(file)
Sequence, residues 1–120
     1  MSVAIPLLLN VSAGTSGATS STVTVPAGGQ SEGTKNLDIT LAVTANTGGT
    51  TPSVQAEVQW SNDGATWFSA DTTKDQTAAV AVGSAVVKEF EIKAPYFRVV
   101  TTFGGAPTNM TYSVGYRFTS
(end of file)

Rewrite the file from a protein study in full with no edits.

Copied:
Sequence, residues 1–120
     1  MSVAIPLLLN VSAGTSGATS STVTVPAGGQ SEGTKNLDIT LAVTANTGGT
    51  TPSVQAEVQW SNDGATWFSA DTTKDQTAAV AVGSAVVKEF EIKAPYFRVV
   101  TTFGGAPTNM TYSVGYRFTS